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The after dinner cheese course

Cheese Board
Cheese Board

It is interesting to think that we have cheese included in nearly all of our meals throughout the day, like a continental breakfast, cheese in your sandwich or on toast for lunch, grated in mash or as toppings on pies and lasagna for dinner. The after dinner cheese board can be a great way to finish off a meal or dinner party. It is also great to take the time with company to enjoy great cheese.

The foundation of an interesting cheese board will be that you have a wide variety of textures, flavours and strengths and remembering a few great cheeses is better than many mediocre cheeses.

If you’re trying to work out quantities we generally say 110 g per person so if you are having six guests and serving five cheeses they need about 130 g of the cheese. You will need to make sure that you serve the cheese at room temperature. If you take them straight from the fridge just before you serve the flavours and the aromas will be inhibited and the textures too firm and not natural. On the other hand Cheese should not be too warm, so avoid leaving them in a hot kitchen for too long (hours) as this will be particularly damaging to the textures.

Cheese selection

When serving the cheese don't put the cheese on individual plates, we recommended the sharing board in the centre of the table, it is one of the nicest ways to celebrate and display the cheese. The shared board also allows everyone to go for an extra piece of their favourite, perhaps avoiding the one they dislike. Take the opportunity to serve some unusual cheeses with a distinct flavours that you don’t normally experience, but also include a couple of more subtle cheeses. When selecting good cheeses for your board include some mild, rich, and strong variations as cheese needs to compliment other cheeses and also be standalone.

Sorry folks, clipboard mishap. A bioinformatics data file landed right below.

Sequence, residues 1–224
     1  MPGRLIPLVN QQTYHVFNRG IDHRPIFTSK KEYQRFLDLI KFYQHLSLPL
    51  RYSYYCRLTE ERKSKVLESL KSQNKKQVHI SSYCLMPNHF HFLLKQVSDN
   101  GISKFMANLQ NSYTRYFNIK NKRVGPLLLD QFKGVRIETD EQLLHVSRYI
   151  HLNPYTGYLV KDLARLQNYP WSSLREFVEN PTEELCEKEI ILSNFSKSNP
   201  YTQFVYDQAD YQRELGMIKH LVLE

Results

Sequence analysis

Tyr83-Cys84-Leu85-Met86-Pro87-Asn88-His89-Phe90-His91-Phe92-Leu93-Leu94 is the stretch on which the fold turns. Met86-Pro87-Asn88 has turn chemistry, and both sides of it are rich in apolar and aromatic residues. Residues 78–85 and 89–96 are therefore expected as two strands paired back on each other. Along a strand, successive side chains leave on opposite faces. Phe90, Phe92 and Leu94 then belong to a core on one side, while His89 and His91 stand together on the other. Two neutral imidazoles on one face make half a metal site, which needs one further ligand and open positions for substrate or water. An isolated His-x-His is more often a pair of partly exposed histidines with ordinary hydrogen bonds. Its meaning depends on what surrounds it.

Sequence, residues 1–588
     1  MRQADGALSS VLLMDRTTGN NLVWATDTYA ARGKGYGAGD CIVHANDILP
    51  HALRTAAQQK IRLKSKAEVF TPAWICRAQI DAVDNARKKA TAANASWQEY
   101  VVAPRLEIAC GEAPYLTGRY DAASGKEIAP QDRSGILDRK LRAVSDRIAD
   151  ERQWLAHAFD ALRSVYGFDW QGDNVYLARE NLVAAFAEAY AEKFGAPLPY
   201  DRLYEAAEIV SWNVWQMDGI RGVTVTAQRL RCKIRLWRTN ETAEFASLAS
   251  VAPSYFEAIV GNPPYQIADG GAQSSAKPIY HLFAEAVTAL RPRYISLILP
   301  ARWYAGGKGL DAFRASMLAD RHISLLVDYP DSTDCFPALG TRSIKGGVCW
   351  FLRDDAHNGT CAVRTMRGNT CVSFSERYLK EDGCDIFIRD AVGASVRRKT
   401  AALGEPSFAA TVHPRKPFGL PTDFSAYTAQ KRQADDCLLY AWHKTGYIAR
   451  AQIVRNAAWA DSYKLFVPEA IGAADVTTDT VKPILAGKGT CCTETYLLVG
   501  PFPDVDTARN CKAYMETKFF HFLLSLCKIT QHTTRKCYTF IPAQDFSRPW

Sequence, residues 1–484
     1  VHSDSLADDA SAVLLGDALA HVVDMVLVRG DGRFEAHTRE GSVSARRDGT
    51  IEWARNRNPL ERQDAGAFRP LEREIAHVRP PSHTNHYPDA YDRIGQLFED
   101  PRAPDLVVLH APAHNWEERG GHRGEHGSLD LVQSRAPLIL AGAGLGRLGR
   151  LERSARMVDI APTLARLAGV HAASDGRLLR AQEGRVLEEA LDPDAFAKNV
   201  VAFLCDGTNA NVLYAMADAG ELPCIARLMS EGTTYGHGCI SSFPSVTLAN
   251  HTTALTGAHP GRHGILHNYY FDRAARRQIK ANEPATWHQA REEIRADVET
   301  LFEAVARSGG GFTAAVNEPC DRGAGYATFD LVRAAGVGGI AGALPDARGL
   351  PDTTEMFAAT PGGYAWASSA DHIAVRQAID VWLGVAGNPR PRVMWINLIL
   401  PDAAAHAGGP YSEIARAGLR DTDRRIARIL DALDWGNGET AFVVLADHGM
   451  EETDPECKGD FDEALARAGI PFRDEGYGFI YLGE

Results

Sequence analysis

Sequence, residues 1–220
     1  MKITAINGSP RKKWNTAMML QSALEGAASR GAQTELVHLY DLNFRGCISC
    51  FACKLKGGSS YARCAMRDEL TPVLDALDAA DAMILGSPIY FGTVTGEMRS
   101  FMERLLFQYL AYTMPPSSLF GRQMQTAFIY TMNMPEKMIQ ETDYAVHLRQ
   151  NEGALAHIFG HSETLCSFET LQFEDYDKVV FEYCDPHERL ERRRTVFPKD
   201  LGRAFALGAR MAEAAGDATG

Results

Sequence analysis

Selecting and showcasing complimentary cheeses is a skill, you need to consider what looks great together visually, then have a spectrum of flavours and textures to experience.

For example: A wonderful local goat cheese tasting of fresh herbs and grass, an aged hard unpasteurised cheese with its subtle and long flavours, a blue cheese in good condition served at room temperature, and just a few morsels of something wild, strong and smoked.

The key thing to remember is to seek out great cheese.

If you are drinking wine with your meal it is more than likely that you will have moved onto a relatively robust red wine at the time you will be starting your cheese course. This is the main reason why most people associate eating cheese with drinking wine, however we find the softer round of flavours offered by white wine in general offers a better compliment to cheese than most reds. A bottle of sweet wine or a fortified wine like port or sherry can also be a wonderful compliment to this cheese course. It will work well if you continue drinking them with a sweet dessert after the cheese is all gone….


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